fair-trade-coffee

I wish you a nice coffee day EVERYDAY ! Drink Coffee. Change The World. Easy ! Eradication of poverty in the coffeelands
The other day my husband and I went out to dinner with our next door neighbor. He's always been a genuinely nice guy to whom we've enjoyed living adjacent for several reasons.
The European Union hosts the EU CELAC "Partnership" Summit in Brussels on June 10th and 11th. It brings together Presidents, Prime Ministers and Foreign Ministers of 61 countries and the EU institutions, that is the 28 members of the EU and 33 nations from CELAC - Community of Latin American and Caribbean States-.
The lasting negative effects haven't gone unnoticed by Keurig. The company has said that it aims to make all K-cups recyclable
1. We drink over 500 billion cups of coffee every year worldwide. Hey, people love their coffee. And their lattes, cappuccinos
I see you, smugly smiling over your morning cup of fair-trade coffee, gratified at the unimaginable impact your thoughtfully chosen beans must be bringing to poor coffee growers overseas. Well, think again.
And one day, twelve years ago, while sitting in a café in Louisville, Kentucky, drinking a cup of their organic, fair-trade
"The expansion of coffee that we've seen in the last two decades has largely been in places where coffee is grown in this
Low prices coupled with coffee rust is threatening the livelihoods of many farmers in Central America. Consumers are paying more for coffee; producers are getting paid less; and those in the middle are making money from both.
Does "fair trade" automatically mean you're getting a better cup of coffee? In a new video, Vocativ takes a closer look at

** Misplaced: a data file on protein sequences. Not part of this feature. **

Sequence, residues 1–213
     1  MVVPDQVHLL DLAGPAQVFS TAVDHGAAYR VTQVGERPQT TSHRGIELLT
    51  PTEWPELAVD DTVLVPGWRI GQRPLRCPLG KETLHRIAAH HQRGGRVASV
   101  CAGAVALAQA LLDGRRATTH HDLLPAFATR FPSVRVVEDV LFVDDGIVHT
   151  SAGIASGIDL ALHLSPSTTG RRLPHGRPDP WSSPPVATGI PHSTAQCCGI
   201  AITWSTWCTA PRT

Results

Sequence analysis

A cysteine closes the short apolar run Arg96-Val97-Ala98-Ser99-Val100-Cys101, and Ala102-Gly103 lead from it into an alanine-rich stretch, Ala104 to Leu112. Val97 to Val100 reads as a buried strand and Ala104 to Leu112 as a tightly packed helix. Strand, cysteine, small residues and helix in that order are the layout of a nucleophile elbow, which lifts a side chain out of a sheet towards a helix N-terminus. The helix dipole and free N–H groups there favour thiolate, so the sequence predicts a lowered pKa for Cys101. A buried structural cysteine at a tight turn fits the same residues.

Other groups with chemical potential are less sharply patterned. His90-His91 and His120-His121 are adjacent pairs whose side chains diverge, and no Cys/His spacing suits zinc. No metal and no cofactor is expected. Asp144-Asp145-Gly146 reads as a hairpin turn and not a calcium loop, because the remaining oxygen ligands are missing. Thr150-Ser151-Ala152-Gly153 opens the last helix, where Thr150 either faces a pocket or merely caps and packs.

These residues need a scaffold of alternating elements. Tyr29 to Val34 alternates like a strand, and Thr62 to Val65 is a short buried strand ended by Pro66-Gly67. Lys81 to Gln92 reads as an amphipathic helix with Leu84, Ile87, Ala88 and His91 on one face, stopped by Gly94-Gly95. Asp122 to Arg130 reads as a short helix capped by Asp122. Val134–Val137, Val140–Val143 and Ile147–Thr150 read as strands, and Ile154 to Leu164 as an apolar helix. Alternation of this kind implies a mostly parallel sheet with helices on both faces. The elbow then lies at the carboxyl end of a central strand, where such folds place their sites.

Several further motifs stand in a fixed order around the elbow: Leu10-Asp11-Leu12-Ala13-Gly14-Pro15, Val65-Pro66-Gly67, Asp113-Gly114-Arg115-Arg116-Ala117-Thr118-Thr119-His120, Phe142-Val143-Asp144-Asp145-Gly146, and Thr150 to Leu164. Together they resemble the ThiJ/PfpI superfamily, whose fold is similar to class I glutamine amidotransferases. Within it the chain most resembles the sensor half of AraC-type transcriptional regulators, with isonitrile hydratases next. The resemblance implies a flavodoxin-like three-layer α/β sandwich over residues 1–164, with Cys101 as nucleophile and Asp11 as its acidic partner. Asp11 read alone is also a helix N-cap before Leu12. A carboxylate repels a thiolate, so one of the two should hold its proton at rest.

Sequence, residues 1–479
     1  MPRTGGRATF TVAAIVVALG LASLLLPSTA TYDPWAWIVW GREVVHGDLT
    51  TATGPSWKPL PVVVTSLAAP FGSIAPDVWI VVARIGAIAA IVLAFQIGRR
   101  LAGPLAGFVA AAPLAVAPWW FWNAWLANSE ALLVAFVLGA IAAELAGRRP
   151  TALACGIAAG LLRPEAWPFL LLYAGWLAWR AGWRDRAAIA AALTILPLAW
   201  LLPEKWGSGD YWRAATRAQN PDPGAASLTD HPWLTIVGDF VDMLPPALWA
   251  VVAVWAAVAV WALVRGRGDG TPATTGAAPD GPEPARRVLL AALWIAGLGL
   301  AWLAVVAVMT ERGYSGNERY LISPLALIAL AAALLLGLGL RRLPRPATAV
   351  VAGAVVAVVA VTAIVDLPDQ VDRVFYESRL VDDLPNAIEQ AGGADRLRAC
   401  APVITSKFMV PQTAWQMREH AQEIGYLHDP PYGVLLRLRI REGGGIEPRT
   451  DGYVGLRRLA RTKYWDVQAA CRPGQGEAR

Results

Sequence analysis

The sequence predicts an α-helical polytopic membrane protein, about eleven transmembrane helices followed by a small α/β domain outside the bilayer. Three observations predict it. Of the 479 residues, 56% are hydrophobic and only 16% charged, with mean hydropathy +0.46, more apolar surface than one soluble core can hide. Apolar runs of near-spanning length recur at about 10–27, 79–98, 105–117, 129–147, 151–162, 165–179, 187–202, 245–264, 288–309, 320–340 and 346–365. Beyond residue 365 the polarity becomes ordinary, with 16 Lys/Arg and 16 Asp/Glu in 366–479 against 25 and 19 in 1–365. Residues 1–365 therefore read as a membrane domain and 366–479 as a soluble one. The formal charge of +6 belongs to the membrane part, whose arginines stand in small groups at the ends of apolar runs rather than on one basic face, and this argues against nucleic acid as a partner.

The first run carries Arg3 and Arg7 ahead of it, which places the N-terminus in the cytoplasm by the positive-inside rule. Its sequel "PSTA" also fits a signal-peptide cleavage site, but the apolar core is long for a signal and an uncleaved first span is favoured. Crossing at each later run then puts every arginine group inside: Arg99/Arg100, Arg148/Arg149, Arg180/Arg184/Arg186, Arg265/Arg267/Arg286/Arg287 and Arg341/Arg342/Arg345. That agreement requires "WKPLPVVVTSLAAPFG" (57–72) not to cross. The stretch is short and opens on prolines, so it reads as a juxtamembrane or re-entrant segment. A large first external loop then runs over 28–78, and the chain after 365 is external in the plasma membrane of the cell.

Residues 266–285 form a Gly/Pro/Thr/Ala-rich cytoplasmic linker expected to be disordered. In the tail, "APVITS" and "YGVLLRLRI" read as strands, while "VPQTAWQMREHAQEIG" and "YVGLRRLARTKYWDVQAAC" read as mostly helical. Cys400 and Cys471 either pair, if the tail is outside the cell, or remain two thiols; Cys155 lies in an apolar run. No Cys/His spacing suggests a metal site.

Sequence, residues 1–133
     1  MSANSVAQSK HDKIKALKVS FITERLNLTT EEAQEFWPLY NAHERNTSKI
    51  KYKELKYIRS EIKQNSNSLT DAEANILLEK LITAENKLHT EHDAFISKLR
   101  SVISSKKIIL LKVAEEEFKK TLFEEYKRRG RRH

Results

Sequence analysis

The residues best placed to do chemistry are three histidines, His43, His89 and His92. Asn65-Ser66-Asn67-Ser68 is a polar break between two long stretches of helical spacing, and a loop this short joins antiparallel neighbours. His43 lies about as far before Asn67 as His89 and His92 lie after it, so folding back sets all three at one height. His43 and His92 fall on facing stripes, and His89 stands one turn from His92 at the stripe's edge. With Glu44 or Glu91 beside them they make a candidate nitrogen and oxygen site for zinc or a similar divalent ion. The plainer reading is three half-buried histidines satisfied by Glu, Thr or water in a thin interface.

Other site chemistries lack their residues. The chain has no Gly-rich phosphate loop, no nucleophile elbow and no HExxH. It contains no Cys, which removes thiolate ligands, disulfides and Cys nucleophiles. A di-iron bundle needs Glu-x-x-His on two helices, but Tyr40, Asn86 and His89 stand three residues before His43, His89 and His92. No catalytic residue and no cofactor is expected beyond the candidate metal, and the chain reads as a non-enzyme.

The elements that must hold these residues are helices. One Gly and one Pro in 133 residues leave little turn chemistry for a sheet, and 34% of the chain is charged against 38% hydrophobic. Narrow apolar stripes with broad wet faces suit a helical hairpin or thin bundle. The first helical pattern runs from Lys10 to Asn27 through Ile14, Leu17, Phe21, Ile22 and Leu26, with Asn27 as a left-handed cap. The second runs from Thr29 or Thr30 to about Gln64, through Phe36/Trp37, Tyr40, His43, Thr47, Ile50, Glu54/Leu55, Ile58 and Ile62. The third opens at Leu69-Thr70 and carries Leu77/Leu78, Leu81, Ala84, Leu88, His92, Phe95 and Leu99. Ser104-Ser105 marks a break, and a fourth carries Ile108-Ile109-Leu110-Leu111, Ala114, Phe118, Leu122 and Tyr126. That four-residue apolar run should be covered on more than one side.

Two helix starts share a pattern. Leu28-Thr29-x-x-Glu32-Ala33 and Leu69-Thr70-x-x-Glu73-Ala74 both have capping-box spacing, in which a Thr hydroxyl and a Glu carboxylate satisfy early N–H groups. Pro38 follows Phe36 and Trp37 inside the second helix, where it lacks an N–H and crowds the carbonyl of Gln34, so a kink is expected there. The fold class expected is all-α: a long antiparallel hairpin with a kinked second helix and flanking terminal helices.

If you happen across a café that serves THRIVE Farmers Coffee, your cup may as well be served straight from the worn hands of the Costa Rican farmer that grew the beans for its brew. And he would definitely be smiling.
In October 2012, when Hershey's announced it would "certify" all its cocoa by 2020, the corporate candy giant received lukewarm applause for finally publically acknowledging its sourcing of cocoa from plantations that exploit child labor.
Do you drink coffee? Do you think about where that coffee comes from, and who harvests those beans? Do you consider how much you pay for your morning fix, and how that impacts the salary those farmers make?
Fair trade is a term we often hear thrown around when it comes to coffee, tea, produce and even diamonds. What does it mean, though, and how much difference does buying fair-trade food and products really make?
Throw your metaphorical corporate life out of the proverbial window and start afresh by sustaining the earth and its inhabitants. This is change we can believe in.
There are several "sustainable" certification labels that appear on coffee. I love coffee, but what do all those environmental coffee labels mean? Is one certification better than the other?
It takes an enormous amount of water to run a successful coffee farm. But one organic farm in Guatemala is using substantially
Why does so much philosophy take place in bars and coffeehouses? What's the relationship between drinking and thinking?